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Authors: Cheryl R. Jorgensen-Earp

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Discourse and Defiance Under Nazi Occupation: Guernsey, Channel Islands, 1940-1945

BOOK: Discourse and Defiance Under Nazi Occupation: Guernsey, Channel Islands, 1940-1945
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DISCOURSE AND DEFIANCE UNDER NAZI OCCUPATION

Guernsey, Channel Islands, 1940–1945

 

 

Cheryl R. Jorgensen-Earp

 

Michigan State University Press
East Lansing

Copyright © 2013 by Cheryl R. Jorgensen-Earp

Michigan State University Press
East Lansing, Michigan 48823-5245

Printed and bound in the United States of America.

19 18 17 16 15 14 13 1 2 3 4 5 6 7 8 9 10

LIBRARY OF CONGRESS CATALOGING-IN-PUBLICATION DATA
Jorgensen-Earp, Cheryl R., 1952–
        Discourse and defiance under Nazi occupation : Guernsey, Channel Islands, 1940–1945 / Cheryl R.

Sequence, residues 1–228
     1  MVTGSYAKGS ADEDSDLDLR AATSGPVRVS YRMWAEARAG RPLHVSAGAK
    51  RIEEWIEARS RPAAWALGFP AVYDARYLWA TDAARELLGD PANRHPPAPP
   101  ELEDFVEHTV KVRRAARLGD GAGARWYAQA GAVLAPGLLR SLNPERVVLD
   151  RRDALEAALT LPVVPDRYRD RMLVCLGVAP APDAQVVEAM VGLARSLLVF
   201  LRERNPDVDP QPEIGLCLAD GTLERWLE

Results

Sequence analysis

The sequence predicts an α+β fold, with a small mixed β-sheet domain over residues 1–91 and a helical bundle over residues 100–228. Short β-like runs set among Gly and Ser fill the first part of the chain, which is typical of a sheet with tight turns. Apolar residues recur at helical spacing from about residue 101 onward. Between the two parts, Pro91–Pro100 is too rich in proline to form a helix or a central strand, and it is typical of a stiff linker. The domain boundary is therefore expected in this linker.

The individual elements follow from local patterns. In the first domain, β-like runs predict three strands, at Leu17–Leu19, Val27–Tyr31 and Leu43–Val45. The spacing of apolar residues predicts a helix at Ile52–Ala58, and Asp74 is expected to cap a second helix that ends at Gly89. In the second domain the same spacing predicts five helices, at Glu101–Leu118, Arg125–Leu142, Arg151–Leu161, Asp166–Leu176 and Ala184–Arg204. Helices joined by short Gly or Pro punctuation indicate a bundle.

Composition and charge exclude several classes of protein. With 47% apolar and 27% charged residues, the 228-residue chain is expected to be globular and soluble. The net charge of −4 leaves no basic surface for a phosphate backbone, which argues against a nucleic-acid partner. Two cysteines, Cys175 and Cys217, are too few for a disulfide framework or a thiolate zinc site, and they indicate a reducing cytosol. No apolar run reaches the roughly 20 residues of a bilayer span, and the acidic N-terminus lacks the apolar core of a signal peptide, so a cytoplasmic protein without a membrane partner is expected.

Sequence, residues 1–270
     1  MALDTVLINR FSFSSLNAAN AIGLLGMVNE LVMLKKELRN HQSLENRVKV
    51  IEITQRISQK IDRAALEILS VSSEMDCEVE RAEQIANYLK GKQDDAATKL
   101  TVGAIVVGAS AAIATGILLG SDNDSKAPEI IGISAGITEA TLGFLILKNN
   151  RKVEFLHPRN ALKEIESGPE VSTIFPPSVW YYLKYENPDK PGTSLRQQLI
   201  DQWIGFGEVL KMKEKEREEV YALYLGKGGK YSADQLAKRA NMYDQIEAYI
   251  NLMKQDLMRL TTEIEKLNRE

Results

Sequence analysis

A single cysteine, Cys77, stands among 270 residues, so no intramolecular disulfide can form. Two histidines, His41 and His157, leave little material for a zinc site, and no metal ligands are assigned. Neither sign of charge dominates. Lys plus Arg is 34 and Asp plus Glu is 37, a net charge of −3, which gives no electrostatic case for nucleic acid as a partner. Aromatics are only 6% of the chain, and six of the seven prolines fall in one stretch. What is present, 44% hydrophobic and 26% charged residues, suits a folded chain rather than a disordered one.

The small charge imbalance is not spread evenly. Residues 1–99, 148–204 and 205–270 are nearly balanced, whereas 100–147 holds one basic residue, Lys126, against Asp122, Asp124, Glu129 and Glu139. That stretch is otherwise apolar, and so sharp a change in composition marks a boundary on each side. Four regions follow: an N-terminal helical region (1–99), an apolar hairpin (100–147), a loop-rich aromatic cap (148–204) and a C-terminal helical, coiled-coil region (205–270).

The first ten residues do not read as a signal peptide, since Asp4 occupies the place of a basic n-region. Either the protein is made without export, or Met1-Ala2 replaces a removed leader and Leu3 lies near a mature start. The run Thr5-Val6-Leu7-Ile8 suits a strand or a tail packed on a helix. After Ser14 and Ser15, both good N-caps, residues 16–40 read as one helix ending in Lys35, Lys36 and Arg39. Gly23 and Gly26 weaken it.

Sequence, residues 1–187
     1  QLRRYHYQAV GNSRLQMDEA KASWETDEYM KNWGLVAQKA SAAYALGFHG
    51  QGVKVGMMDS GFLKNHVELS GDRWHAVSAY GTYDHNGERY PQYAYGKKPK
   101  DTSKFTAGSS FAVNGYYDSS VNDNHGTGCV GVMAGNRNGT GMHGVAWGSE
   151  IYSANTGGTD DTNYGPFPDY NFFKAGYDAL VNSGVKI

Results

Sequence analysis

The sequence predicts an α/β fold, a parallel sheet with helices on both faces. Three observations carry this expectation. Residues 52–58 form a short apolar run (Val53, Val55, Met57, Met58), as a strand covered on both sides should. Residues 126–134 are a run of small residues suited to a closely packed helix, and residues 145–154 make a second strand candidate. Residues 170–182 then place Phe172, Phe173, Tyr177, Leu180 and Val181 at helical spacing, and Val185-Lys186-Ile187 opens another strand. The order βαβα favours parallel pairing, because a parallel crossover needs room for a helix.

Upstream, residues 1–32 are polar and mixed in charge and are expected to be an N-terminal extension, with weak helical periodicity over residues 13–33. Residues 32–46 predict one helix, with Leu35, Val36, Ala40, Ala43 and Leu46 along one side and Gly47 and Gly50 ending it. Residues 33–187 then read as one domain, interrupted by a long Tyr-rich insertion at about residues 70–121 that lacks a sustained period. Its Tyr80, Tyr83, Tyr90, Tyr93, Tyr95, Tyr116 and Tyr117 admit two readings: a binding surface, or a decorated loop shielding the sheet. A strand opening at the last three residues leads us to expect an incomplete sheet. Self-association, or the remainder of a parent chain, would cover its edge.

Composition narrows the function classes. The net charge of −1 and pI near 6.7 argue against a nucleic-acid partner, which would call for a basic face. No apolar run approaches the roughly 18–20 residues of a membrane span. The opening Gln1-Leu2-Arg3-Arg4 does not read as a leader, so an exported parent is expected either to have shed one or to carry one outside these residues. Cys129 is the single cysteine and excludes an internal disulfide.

Jorgensen-Earp.
        pages cm
        Includes bibliographical references and index.
ISBN 978-1-61186-082-5 (cloth : alk. paper)—ISBN 978-1-60917-369-2 (ebook) 1. World War, 1939–1945—Channel Islands—Guernsey. 2. Channel Islands—History—German occupation, 1940–1945. 3. Guernsey (Channel Islands)—History—20th century. 4. Government, Resistance to—Channel Islands—Guernsey—History—20th century. 5. Guernsey (Channel Islands)—Social conditions—20th century. 6. Guernsey (Channel Islands)—Politics and government—20th century. I. Title.
D760.8.G8J67 2013
940.53'42342—dc23
2012044850

Book design by Scribe Inc. (
www.scribenet.com
)
Cover design by TG Design

Front cover image is of Major Knackfuss with an unknown Guernsey man, © Imperial War Museum (HU 2932), used with permission. Diarists pictured on front cover are (left to right) Rev. Robert Douglas Ord, Gertrude Mabel Corbin, Arthur Mauger, Elizabeth Doig, Alf Williams, and Dorothy Higgs.

Michigan State University Press is a member of the Green Press Initiative and is committed to developing and encouraging ecologically responsible publishing practices. For more information about the Green Press Initiative and the use of recycled paper in book publishing, please visit
www.greenpressinitiative.org
.

Visit Michigan State University Press at
www.msupress.org

 

Dedicated to the Memory of
Alfred C. “Alf” Williams
1921–2006
Guernseyman and Resister

Contents

Acknowledgments

Introduction

Chapter 1. The Panoptical Occupation

Chapter 2. The Bedrock of Resistance

Chapter 3. Reaching for Control

Chapter 4. Understanding the Story